Celebrity Patients, VIPs, and Potentates

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Background: During the second half of the 20th century, the literature on the doctor-patient relationship mainly dealt with the management of "difficult" (personality-disordered) patients. Similar problems, however, surround other types of "special" patients.

Method: An overview and analysis of the literature were conducted. As a result, such patients can be subcategorized by their main presentations; each requires a specific management strategy.

Results: Three types of "special" patients stir up irrational feelings in their caregivers. Sick celebrities threaten to focus public scrutiny on the private world of medical caregivers. VIPs generate awe in caregivers, with loss of the objectivity essential to the practice of scientific medicine. Potentates unearth narcissism in the caregiver-patient relationship, which triggers a struggle between power and shame. Pride, privacy, and the staff's need to be in control are all threatened by introduction of the special patient into medicine's closed culture.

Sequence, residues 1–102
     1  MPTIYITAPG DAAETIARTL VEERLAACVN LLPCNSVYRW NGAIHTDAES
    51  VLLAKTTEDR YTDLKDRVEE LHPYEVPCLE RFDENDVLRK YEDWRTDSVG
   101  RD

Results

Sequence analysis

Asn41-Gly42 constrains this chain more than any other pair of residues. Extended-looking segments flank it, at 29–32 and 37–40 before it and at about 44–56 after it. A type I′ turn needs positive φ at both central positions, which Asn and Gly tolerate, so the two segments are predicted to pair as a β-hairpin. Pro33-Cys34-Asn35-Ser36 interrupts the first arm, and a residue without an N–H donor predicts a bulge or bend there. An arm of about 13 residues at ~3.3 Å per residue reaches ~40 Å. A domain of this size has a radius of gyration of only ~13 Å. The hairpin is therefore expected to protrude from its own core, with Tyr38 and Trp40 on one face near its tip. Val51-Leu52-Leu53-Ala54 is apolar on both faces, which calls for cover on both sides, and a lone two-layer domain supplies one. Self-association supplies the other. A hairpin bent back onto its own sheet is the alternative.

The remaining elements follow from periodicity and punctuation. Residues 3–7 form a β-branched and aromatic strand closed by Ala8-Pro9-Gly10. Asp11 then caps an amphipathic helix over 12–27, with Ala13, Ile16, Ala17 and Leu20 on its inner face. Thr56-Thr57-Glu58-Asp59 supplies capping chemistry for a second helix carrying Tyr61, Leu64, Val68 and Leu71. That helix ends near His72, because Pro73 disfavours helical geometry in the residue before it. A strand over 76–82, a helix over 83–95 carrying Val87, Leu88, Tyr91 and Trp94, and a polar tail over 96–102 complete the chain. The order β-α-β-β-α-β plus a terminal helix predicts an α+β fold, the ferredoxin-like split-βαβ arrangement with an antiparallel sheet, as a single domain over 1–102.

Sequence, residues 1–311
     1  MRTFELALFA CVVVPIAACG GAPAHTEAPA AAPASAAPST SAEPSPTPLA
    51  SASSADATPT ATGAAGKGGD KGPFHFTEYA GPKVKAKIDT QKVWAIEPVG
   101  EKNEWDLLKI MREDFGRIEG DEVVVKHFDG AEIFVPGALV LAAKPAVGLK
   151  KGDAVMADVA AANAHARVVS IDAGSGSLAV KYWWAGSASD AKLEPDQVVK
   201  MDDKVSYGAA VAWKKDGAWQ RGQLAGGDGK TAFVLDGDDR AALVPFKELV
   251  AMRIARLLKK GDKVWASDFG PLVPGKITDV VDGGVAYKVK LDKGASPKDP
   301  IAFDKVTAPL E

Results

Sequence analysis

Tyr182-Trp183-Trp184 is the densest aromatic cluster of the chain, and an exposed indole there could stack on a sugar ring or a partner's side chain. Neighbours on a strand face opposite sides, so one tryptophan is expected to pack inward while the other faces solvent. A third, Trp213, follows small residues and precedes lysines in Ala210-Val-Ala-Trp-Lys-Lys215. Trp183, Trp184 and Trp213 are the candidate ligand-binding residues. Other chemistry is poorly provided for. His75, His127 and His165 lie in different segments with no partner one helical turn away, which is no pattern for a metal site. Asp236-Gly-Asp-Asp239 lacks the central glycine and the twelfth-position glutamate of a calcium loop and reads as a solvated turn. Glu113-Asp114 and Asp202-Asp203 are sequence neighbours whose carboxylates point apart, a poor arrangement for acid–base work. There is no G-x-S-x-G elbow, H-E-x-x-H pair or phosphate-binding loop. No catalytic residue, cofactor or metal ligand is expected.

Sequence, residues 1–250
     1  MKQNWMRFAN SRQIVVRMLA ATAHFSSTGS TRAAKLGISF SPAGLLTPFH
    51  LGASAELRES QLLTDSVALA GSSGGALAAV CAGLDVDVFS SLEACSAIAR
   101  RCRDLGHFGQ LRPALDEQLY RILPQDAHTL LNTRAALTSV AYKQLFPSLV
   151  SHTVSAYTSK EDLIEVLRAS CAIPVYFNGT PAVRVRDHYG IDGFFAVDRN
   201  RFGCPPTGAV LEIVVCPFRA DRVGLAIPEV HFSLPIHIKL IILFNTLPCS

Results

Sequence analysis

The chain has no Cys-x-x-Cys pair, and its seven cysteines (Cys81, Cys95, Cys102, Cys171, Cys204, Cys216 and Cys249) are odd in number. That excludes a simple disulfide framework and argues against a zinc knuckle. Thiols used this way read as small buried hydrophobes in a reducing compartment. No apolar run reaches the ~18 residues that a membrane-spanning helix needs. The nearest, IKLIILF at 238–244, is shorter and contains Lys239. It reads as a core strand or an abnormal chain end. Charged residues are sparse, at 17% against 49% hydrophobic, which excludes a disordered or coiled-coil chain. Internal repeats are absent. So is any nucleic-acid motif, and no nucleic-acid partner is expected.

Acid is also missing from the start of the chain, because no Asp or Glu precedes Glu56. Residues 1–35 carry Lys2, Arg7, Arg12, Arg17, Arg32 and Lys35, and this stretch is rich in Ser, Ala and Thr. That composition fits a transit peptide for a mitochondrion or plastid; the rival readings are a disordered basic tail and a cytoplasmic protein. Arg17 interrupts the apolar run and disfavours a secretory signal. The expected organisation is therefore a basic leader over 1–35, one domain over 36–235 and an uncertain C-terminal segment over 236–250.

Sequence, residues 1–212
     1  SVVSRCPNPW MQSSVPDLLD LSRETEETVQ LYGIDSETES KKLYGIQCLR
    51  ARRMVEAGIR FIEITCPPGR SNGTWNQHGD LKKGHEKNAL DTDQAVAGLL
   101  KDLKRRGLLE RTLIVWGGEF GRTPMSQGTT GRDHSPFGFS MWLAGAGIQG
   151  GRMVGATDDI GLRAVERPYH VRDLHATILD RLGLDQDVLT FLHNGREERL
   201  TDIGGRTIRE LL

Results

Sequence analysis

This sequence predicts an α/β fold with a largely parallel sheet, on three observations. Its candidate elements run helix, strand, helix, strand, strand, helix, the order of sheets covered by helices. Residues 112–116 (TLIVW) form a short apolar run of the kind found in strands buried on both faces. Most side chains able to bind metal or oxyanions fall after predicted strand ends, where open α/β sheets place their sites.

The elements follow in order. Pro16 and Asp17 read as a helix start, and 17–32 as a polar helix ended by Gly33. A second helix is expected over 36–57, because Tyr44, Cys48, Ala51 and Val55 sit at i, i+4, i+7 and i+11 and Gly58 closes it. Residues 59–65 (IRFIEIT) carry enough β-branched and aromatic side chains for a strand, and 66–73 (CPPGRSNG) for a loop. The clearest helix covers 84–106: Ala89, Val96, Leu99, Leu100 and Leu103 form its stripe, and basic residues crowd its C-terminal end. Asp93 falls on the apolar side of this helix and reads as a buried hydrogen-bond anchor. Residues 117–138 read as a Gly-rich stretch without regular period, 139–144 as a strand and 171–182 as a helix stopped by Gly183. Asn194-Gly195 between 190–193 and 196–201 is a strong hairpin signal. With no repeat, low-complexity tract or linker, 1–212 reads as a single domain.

Conclusion: The privacy that is owed to sick celebrities should be extended to protect overexposed staff. The awe and loss of medical objectivity that VIPs generate are counteracted by team leadership dedicated to avoiding any deviation from standard clinical procedure. Moreover, the collective ill will surrounding potentates can be neutralized by reassuring them that they are "special"--and by caregivers mending their own vulnerable self-esteem.

Primary Care Companion J Clin Psychiatry 2002;4(6):215-223

https://doi.org/10.4088/PCC.v04n0602